Hide glue can be bought as granules, flakes, flat sheets or ready-to-use liquids. The dry version must be dissolved in water and then heated. It must be applied while it is still warm (usually 140 degrees Fahrenheit as any hotter will reduce the glue’s strength). Hide glue is typically used to create durable joints and most hobbyists prefer it because it provides impressive performance and creates a unique crackle-effect on wood surfaces. Most hide glue is clear, so quite undetectable when used in woodwork projects that will be regularly seen.

The hide glue that I’m recommending is the Mohawk Hide Glue.

Old Brown Hide Glue

Old brown hide glue is an awesome choice for those looking for good old fashioned glue that is both organic and non-toxic. One of the main differentiating factors of this type of glue is the fact that it’s very flexible, even after it has fully cured. It’s a very durable glue that performs well in tight-fitting joints. It’s important to note that old brown hide glue cannot bind materials for extended periods of time as the protein starts to break down in it and the glue thereafter loses its strengths. Most hide glues will bind strongly for around 12 to 18 months at most.

Gorilla Wood Glue

Gorilla wood glue can be used to glue wood to a variety of materials such as paper, leather, ceramic and metal. This glue consists of minute rubber particles, which make the bond it forms resistant to impact damage. This sets it apart from most other glues, which can become brittle with age. As a 100% waterproof glue, Gorilla wood glue is ideal for both interior and exterior wood projects.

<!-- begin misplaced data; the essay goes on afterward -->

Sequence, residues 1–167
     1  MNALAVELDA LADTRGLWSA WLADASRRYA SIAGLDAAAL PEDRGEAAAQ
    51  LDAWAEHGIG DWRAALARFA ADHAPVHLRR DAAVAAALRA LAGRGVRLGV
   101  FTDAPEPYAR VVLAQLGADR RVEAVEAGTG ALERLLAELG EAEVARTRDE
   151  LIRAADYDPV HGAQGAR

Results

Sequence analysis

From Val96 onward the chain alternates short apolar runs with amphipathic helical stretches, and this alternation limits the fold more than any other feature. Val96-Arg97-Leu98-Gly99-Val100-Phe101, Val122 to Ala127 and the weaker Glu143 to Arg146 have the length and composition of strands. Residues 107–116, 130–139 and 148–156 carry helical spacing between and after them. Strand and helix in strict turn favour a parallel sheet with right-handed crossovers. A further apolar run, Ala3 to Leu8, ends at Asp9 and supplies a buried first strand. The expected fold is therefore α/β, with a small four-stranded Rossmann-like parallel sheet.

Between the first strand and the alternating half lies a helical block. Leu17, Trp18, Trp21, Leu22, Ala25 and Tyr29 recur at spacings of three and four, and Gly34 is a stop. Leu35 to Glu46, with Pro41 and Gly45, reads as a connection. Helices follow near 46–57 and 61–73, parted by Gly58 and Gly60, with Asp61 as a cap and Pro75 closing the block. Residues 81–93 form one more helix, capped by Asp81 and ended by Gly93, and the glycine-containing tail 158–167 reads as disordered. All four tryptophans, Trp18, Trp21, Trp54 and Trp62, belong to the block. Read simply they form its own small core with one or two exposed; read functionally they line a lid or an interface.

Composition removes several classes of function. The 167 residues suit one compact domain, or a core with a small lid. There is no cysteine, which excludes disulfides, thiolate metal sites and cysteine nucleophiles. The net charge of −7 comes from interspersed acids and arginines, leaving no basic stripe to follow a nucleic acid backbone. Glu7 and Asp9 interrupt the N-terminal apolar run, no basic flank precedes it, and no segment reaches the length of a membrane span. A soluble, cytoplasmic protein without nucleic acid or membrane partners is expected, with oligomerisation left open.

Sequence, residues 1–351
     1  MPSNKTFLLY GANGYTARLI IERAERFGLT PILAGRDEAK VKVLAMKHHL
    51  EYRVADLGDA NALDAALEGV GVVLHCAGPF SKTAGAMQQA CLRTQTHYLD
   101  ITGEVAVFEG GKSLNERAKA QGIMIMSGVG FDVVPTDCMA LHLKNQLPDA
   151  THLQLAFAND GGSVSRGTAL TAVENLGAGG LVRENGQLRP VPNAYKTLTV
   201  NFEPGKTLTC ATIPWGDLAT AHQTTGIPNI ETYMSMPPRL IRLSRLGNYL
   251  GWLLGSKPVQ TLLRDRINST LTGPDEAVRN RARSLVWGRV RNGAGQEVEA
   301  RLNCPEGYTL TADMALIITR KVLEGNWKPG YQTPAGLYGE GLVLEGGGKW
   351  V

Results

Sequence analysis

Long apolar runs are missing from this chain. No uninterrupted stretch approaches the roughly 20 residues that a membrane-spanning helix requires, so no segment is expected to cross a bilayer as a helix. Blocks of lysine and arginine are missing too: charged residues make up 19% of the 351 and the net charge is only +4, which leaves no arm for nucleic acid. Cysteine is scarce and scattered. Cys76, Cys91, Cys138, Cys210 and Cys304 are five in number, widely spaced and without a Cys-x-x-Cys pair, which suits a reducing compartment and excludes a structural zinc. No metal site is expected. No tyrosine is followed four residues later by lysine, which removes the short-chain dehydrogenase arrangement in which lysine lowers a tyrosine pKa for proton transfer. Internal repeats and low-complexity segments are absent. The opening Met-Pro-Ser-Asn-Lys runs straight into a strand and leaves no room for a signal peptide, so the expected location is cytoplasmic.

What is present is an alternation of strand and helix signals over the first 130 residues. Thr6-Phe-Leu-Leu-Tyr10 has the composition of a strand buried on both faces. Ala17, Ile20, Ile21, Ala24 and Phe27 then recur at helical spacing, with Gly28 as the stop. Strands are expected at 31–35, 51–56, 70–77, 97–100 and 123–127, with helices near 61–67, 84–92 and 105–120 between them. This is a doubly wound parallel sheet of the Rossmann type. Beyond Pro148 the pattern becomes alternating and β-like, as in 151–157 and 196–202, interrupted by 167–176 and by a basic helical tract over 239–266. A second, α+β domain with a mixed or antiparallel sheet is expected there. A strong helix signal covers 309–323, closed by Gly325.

The best way to buy Gorilla Wood Glue is on Amazon.

Elmer’s Wood Glue

This particular wood glue is designed specifically to glue wood to wood. It is most often used by professional carpenters and in industrial wood projects, although it has become quite popular amongst hobbyists and DIYers too. Elmer’s wood glue is easy to apply and it’s quite versatile and durable.

The best way to buy Elmer’s Wood Glue is on Amazon

Homemade Hide Glue

While homemade hide glue has the potential to be stronger than most other types of wood glues, it is not always convenient to make. This is best for people who like the process of doing their own adhesive. This type of glue is made from the trimmings and scraps of animal hide. The hide bits are covered in water and boiled (and simmered) for many hours until the hide pieces look almost translucent. The solid hide pieces are then strained out and the liquid left behind is further boiled until it starts to thicken. 

The liquid is removed from heat and allowed to cool. Testing the stickiness is done by touching the cool liquid. If it is sticky, it is ready, but if not; it is returned to the heat and boiled a bit longer. The liquid is then strained through cheesecloth and set into a flat container until it dries into a rubbery form. This is then squeezed by hand and broken up in tiny chunks that are set aside in a well ventilated room to dry. Once completely dry, the bits are stored in an air tight, waterproof container. When glue is needed, some of the dry bits can be heated, causing them to return to liquid form – ready for use.

Popular Brands of Wood Glue

While investigating the best glue for wood, I came across a recurring pattern. Woodworkers and hobbyists seem to prefer certain brands of wood glue. The most popular brands encountered are:

  • Titebond
  • Gorilla
  • Elmer’s
  • Glue Masters
  • FastCap
  • Aleene’s
  • J-B Weld

How Strong is Wood Glue? 

Something hobbyists and woodworkers learn along the way is that most wood glue is stronger than wood. Will wood fall apart with just glue and no nails? While glued wood joints may hold for some time, it is expected that without extra fasteners such as nails, the structure (the wood itself) will give way and the join will break apart.

It’s always a good idea to use wood glue in addition to fasteners. Unfortunately, wood is not all that strong and while some wood glues can stay working through the harshest exposure; the wood might fail at some point. In most instances, to ensure that the strength of the glue is enhanced and that the strength of the wood structure itself is improved, other fasteners need to be used in the process.